Living near livestock populations increases the risk of exposure to certain strains of Methicillin-Resistant Staphylococcus Aureus—also known as MRSA—even for residents who do not handle livestock.
American and Dutch researchers led by professor Beth Feingold, a visiting scholar at the Duke Global Health Institute from Johns Hopkins University, discovered that livestock-related strains of MRSA spread easily through areas of high livestock density, regardless of individuals’ contact with livestock. The study was conducted by analyzing cases of MRSA reported in the Netherlands, a country with relatively high livestock density per capita in rural areas. The easy spread of bacteria without direct contact is unusual and deserves further research, the study’s authors said.
“People living in areas of high livestock density have higher risk, even after accounting for known risk factors like direct contact with animals,” Feingold wrote in an email Wednesday. “It is interesting that most studies have looked only at direct contact with animals as a risk factor, and have not considered the potential for secondary transmission.”
According to the report published in the Centers for Disease Control and Prevention publication Emerging Infectious Diseases, doubling the density of various livestock increases a person’s odds of carrying livestock associated MRSA over another kind by 20 to 75 percent.
The natural presence of staph bacteria in the nose and sometimes on the skin does not normally cause problems. However, open wounds can sometimes allow the bacteria to enter the body and cause a staph infection. Normal strains of staph are frequently treated with antibiotics. MRSA strains, however, are resistant to traditional courses of treatment and can lead to far more severe infections. It is possible for carriers of MRSA to spread it to others or become infected themselves.
This study analyzed whether or not individuals carried livestock associated MRSA and attempted to link the carriage with proximity to livestock populations, not just livestock contact.
“Non-typable MRSA was, in [a] 2007 paper, shown to be statistically associated with people who lived in rural areas and who worked with livestock—thus it was later known as livestock associated MRSA,” Feingold said. “I was interested in seeing if there was a trued geographical or spatial connection between the two.”
Working with various other researchers from Johns Hopkins and Jan Kluytmans, a professor at VU University Medical Center in the Netherlands, Feingold discovered that mere proximity was sufficient to increase the odds of carrying and thus potentially being infected by MRSA.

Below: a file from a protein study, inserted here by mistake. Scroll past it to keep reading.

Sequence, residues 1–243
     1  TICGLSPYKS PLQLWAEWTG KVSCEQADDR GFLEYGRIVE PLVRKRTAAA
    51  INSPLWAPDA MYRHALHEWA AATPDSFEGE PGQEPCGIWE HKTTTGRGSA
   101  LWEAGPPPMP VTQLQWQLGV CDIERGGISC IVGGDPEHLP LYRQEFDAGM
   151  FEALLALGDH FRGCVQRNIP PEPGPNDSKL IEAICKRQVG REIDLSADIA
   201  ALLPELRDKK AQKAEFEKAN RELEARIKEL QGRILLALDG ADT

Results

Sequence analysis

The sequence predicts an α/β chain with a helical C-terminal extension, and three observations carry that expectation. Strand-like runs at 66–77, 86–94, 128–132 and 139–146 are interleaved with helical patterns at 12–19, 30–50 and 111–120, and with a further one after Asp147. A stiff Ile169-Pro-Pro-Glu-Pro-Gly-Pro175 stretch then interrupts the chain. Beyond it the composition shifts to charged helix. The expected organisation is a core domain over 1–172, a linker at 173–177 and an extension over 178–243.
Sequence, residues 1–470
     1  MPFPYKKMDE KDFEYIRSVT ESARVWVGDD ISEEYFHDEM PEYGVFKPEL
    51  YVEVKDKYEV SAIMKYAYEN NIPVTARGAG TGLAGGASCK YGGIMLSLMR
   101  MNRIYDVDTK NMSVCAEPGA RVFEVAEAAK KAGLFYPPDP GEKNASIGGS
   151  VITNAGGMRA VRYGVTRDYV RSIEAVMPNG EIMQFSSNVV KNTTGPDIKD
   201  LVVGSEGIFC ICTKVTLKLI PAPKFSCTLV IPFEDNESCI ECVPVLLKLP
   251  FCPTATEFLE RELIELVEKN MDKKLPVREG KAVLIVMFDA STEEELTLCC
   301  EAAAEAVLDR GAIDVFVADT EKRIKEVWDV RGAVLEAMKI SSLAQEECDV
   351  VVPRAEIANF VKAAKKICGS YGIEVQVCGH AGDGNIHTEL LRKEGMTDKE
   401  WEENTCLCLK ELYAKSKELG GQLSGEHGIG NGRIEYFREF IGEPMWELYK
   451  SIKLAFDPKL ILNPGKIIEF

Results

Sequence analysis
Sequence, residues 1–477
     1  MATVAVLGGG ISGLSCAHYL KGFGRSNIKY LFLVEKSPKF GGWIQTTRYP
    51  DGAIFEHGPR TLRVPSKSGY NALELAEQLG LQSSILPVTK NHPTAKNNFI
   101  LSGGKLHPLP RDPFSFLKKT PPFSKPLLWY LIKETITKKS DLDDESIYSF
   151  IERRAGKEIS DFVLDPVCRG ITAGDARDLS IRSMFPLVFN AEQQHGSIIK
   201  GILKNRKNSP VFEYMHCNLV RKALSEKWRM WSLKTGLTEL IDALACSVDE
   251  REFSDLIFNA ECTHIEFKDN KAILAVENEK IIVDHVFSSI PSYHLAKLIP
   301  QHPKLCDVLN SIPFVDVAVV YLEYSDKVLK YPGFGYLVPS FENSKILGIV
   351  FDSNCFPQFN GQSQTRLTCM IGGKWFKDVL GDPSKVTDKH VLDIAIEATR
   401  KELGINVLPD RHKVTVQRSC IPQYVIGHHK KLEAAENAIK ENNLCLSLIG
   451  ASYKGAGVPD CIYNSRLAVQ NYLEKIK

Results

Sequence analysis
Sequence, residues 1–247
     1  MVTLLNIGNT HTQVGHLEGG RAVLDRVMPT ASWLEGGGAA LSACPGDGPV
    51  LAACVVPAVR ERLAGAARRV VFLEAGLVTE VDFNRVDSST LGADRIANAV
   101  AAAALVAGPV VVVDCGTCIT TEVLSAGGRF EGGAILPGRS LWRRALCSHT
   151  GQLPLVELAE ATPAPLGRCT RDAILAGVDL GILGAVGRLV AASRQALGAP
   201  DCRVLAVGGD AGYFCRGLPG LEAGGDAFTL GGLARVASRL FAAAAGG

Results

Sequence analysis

Yet person-to-person contact fails to explain the spread of the bacteria through local populations.
“A study among veterinarian field workers found that after short-term occupational exposure to pigs, 17 percent of them carried MRSA. However, more than 90 percent of those lost this carriage the next day,” the study said.
Feingold said there is reason for further investigation into how these bacteria spread. Although the study does not necessarily indicate increased risk of MRSA carriage, it does indicate that livestock associated MRSA is far more likely to be carried by individuals living in livestock-dense regions than any other type of staph. Considering the absence of easily explained modes of transmission, this trend raises questions relating to public health, as well as whether other diseases exhibit similar geographic trends.
“The next steps should be research to answer the question, ‘Do we see similar relationships everywhere?’” Feingold said.
The data suggest that MRSA may be transmitted by some other medium that is not yet fully understood.
“We hope that our study helps spur other research to investigate the exact nature of how people who may not have direct contact are getting exposed, especially in light of the fact that most research has demonstrated that livestock associated strains are not easily transmitted from person to person—this is only a very small piece of a puzzle.”